Statistics and geometry of orientation selectivity in primary visual cortex.

Sadeh S, Rotter S - Biol Cybern (2013)

Multi-columnar receptive fields. a A hexagonal grid of columns described in Fig. 2. Shown is the aggregate receptive field of the center column. Other columns have the same columnar receptive fields, centered at the center of columns (small white circles). b Receptive field of a neuron located at the center of a central column. c Receptive field of a neuron located between the central column and one of the neighboring columns. d Tuning curve of neuronal input. The receptive field of the neuron is stimulated with drifting gratings of 18 different orientations (shown on the x-axis). The temporal modulation of the response for each orientation is shown on the y-axis
© Copyright Policy - OpenAccess
Related In: Results  -  Collection

Show All Figures
getmorefigures.php?uid=PMC4228171&req=5

Fig5: Multi-columnar receptive fields. a A hexagonal grid of columns described in Fig. 2. Shown is the aggregate receptive field of the center column. Other columns have the same columnar receptive fields, centered at the center of columns (small white circles). b Receptive field of a neuron located at the center of a central column. c Receptive field of a neuron located between the central column and one of the neighboring columns. d Tuning curve of neuronal input. The receptive field of the neuron is stimulated with drifting gratings of 18 different orientations (shown on the x-axis). The temporal modulation of the response for each orientation is shown on the y-axis
Mentions: The simplification introduced in the previous section allows us to go beyond one column in our model and investigate interactions between columns. Let us first consider a hexagonal grid of such columns (Braitenberg 1985), as shown in Fig. 5a. The receptive field of each cortical neuron in this columnar structure is given by a weighted sum of all the columnar receptive fields. The corresponding weights come from a Gaussian function of the distance to the center of each column.Fig. 5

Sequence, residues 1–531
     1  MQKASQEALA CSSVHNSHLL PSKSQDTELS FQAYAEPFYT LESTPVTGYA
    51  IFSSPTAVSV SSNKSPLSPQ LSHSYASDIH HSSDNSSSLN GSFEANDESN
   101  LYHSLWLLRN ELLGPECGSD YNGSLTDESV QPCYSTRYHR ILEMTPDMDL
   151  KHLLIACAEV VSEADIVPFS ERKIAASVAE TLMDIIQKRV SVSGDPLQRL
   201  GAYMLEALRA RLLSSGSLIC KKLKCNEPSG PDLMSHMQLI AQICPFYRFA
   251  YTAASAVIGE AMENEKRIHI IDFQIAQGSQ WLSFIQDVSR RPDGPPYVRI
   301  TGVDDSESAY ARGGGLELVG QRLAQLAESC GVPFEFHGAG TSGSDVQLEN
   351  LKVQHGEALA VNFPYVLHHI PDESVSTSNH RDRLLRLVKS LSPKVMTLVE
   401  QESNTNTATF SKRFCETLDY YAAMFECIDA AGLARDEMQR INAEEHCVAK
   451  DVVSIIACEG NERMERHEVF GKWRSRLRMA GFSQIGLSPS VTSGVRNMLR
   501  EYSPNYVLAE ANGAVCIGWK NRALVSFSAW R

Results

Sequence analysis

Bottom Line: In macaques and cats, for example, preferred orientations of neurons are organized in a specific pattern, where cells with similar selectivity are clustered in iso-orientation domains.However, the map is not always continuous, and there are pinwheel-like singularities around which all orientations are arranged in an orderly fashion.Without any additional assumptions, we further show that the pattern of ocular dominance columns is inherently connected to the spatial pattern of orientation.

View Article: PubMed Central - PubMed

Affiliation: Bernstein Center Freiburg, Faculty of Biology, University of Freiburg, Hansastr. 9a, 79104 , Freiburg, Germany, sadra.sadeh@bcf.uni-freiburg.de.

ABSTRACT
Orientation maps are a prominent feature of the primary visual cortex of higher mammals. In macaques and cats, for example, preferred orientations of neurons are organized in a specific pattern, where cells with similar selectivity are clustered in iso-orientation domains. However, the map is not always continuous, and there are pinwheel-like singularities around which all orientations are arranged in an orderly fashion. Although subject of intense investigation for half a century now, it is still not entirely clear how these maps emerge and what function they might serve. Here, we suggest a new model of orientation selectivity that combines the geometry and statistics of clustered thalamocortical afferents to explain the emergence of orientation maps. We show that the model can generate spatial patterns of orientation selectivity closely resembling the maps found in cats or monkeys. Without any additional assumptions, we further show that the pattern of ocular dominance columns is inherently connected to the spatial pattern of orientation.

Show MeSH